Thursday, September 11, 2014

Lament of the Farm-Wife of Wu

Su Tung P'o.

 

   Which in today's Chinese would be pronounced Soo Doong Bo, in the same way that Peking has become Beijing and feudal totalitarianism has become...feudal totalitarianism, but under a different name. "The Lament of the Farm-Wife of Wu" could be written in any province of contemporary China, though unlike in Su Tung P'o's time it is unlikely that the Communist authorities would allow it to be published (see the final paragraph of this blog!) and probably today's Farm-Wife would end up as a despised migrant worker in the shanty-suburbs of
Mei-shan rather than as a suicide in the local stream, though these two fates are not that easy to distinguish either.

   We are all raised in the canons of our native literature, not much encouraged in schools to look beyond the geographical boundaries, and even less encouraged by publishers, unless they can see a greater profit in old-and-foreign literature than in the novelties of today in our own tongue. What a vast gap that leaves in our knowledge of the world. And who would think of travelling in literature while also travelling to beaches, churches, art galleries, museums? Read Marquez next time you are resting on the beach at Cartagena, after a day's snorkelling among the coral of Las Islas de Rosarios; or Thomas Mann in Venice; Kafka on a long-weekend in Prague; Jane Austen in a Bath café; or Chinese poetry, which is some of the finest in the world, while waiting for your take-away on Spadina Avenue.

   Su Tung P'o, who was also called Su Shih, was born in Sichuan province in 1036, designed the parks that surround Lake Si in Hangzhou, practiced Buddhism in poetry as well as life, witnessed the reigns of five emperors, and rose to the rank of President of the Board of Rites, giving him authority over all imperial ceremonies and acts of worship. The portrait of him was painted two hundred years after his death, by Zhao Mengfu, the man whose name was later given to a volcanic crater on the planet Mercury, though why is not something I am able to explain.

   The translations below are by Burton Watson in "Selected Poems of Su Tung-P'o".


I Travel Day and Night

Past the places
where the Ying river
enters the Huai
and for the first time
saw the mountains along the Huai.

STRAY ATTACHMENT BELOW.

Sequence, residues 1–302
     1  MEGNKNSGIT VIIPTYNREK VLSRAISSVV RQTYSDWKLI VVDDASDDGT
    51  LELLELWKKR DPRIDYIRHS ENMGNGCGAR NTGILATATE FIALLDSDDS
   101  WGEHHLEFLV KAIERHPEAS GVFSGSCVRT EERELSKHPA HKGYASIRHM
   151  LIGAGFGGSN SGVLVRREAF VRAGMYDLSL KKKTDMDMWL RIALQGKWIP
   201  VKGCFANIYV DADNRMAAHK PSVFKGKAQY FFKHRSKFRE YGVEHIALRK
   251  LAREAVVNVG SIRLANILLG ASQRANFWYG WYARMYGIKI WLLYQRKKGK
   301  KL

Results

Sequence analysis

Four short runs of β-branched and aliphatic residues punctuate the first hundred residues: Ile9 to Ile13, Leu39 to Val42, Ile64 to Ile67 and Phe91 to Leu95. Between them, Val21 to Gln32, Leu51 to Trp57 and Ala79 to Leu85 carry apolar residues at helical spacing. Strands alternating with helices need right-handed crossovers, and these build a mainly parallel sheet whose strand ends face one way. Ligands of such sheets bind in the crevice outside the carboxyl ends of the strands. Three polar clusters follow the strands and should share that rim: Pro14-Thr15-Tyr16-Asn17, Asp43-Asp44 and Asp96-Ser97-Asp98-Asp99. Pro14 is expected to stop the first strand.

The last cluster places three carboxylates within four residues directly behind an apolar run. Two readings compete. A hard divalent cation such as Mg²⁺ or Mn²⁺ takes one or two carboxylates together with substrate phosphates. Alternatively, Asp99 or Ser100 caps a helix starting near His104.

Today we reached Shou-chou.

I travel day and night towards the Yangtze and the sea.
Maple leaves, red flowers - Fall has endless sights.
On the broad Huai I cannot tell if the sky is near or far;
green hills keep rising and falling with the boat.
Shou-chou - already I see the white stone pagoda,
though short oars have not brought us around Yellow Grass Hill.
Waves calm, wind mild - I look for the landing.
My friends have stood a long time in the twilight mist.



Spring Night

Spring night - one hour worth a thousand gold coins;
clear scent of flowers, shadowy moon.
Songs and flutes upstairs - threads of sound;
in the garden, a swing, where night is deep and still.


Lament of the Farm-Wife of Wu

Rice this year ripens so late!
We watch, but when will frost winds come?
They come - with rain in bucketfuls;
the harrow sprouts mud, the sickle rusts.
My tears area ll cried out, but rain never ends;
it hurts to see the yellow stalks flattened in mud.
We camped in a grass shelter a month by the fields;
then it cleared and we reaped the grain, followed the wagon home,
sweaty, shoulders sore, casting it to town -
the price it fetched, you would think we came with chaff.
We sold the ox to pay taxes, broke up the roof for kindling;
we'll get by for the time, but what of next year's hunger?
Officials demand cash now - they won't take grain;
the long northwest border tempts invaders.
Wise men fill the court - why do things get worse?
I would be better off a bride to the River Lord.


   Sadly I can't find a copy in Chinese of the Lament; instead, because one has to see this poetry in its Chinese characters, "On Cold Meal at Huang-chou", a poem written after his banishment for taking the wrong side in a political dispute.









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